Birdwatching in Stranraer & The Rhins of Galloway

Mull of Galloway

The Mull of Galloway, Scotland`s Lands End has a RSPB reserve close to the cliff edge at the very southernmost tip of Scotland. This is the largest mainland seabird colony in South West Scotland,

Species to be seen include:-Fulmar, Guillemot, Razorbills, Kittiwake, Shags and, sometimes – Puffins. Offshore can be seen Gannets and Shearwater. There is live CCTV of the seabird colony when the visitor centre is open – normally Easter – mid October but subject to variation. Please see the link to the RSPB reesrve above for full details.

There is a cafe and gift shop – Gallie Craig nearby. Gallie Craig is set spectacularly on the cliff edge and has a viewing platform, a grass roof and full length windows to make the most of the spectacular views. The furthest south cup of cappuccino in South West Scotland – great food and birdwatching in comfort!

New England Bay

A sandy bay on the eastern shore of the Rhins of Galloway, south of Sandhead.

Species:- Gannets and terns, waders, Common whitethroat and Yellowhammer.

Portpatrick

In Portpatrick Harbour, the main attraction is the Black Guillemots, several pairs of which nest in the harbour wall and can often be seen up close. A short distance along the clifftop path from the Portpatrick Hotel, on the spectacular rock formations including the aptly names North Witch Rock, nesting Fulmars and Herring Gulls can be seen. Further along the footpath, which is the first section of the Southern Upland Way, heading towards Killantringan Lighthouse look out for Rock Pippit, Linnet and Stonechat. Shearwaters and Gannets can be seen offshore.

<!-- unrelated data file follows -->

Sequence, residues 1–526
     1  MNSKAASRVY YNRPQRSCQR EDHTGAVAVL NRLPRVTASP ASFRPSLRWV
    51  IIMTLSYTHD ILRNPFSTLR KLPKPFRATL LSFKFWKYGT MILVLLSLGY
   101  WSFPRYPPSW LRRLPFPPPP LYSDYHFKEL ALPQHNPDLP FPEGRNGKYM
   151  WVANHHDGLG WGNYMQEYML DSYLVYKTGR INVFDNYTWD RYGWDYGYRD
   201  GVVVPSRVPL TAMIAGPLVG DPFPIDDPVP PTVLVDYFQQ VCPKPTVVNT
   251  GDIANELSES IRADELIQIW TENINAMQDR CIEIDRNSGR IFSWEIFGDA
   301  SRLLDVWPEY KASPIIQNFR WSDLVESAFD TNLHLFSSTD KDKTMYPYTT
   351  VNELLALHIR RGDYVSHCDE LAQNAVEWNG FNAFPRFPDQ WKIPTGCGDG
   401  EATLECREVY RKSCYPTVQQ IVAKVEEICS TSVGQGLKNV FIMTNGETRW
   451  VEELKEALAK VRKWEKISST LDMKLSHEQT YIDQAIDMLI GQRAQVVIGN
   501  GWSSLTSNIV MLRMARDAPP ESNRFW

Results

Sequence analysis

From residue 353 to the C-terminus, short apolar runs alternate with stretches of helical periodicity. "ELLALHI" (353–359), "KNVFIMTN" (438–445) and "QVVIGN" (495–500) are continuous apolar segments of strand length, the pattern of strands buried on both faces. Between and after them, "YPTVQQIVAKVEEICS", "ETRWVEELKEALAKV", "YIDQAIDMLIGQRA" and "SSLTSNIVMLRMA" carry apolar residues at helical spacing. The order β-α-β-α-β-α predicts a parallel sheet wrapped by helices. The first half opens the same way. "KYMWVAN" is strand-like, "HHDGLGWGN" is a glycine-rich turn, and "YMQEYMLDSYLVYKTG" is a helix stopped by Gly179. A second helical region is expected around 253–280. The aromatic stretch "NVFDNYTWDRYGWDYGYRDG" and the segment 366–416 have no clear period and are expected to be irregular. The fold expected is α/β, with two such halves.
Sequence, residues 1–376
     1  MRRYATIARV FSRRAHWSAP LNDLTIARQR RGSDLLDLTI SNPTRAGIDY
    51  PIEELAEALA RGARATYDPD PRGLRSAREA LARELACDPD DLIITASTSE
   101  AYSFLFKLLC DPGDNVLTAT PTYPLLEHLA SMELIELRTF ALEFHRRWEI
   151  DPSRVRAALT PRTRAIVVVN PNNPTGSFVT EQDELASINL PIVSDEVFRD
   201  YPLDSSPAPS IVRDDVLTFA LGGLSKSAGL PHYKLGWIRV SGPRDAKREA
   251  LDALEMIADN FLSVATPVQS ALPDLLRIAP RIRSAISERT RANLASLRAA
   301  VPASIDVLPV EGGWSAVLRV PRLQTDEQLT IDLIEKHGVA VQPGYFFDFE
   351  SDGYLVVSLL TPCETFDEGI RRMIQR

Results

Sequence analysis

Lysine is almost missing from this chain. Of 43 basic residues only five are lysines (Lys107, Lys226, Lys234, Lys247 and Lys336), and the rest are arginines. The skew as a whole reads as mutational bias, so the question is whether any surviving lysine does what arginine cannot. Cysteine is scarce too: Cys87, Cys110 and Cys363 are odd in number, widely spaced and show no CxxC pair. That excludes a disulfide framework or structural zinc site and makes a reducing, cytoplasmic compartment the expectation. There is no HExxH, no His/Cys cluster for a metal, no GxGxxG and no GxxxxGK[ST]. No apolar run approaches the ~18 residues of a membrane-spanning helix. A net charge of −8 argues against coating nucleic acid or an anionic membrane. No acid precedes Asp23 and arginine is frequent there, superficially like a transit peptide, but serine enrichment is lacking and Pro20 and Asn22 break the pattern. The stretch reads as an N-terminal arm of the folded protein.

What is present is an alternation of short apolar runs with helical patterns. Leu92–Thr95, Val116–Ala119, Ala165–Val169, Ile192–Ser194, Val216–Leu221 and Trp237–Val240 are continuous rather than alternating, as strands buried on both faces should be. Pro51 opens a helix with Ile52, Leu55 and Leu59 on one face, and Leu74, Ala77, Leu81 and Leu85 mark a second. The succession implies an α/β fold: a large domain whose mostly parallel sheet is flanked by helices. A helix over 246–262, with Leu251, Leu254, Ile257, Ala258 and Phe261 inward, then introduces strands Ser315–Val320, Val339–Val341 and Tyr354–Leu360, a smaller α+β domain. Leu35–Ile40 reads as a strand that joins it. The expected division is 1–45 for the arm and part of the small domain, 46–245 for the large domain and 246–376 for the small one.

Walking southwards from Portpatrick along the cliff path to Dunskey Castle, Ravens and Peregrine can be seen.

Corsewall  Lighthouse and Point

This is at the north tip of the Rhins Peninsula and Autumn is probably the best time to visit. Amongst the spectacular scenery, Storm Petrel, Sabine`s Gull, Gannet, Skua and Shearwater. If you are interested in seals, a colony can be seen about a mile south of the carpark. A rough path starts on the south side of the Corsewall Lighthouse Hotel.

Loch Ryan

Many birds can be seen from the coastal path at the Scar in Wig Bay near Kirkcolm. There are also many observation points along the southeastern shore of Loch Ryan between Cairnryan and Stranraer. There are information boards at balyett, Wig Bay and Cairnryan. Species include wintering divers, grebes, waders and wildfowl including Scaup and Brent Geese, breeding terns.

Castle Kennedy Gardens and White Loch

There is an admission charge for the gardens which form part of The Gardens of Galloway group. The gardens are open April to September. This is an area of nature mixed moorland, formal gardens and two lochs. Species include many woodland birds and wildfowl – especially Greylag and Canada Geese.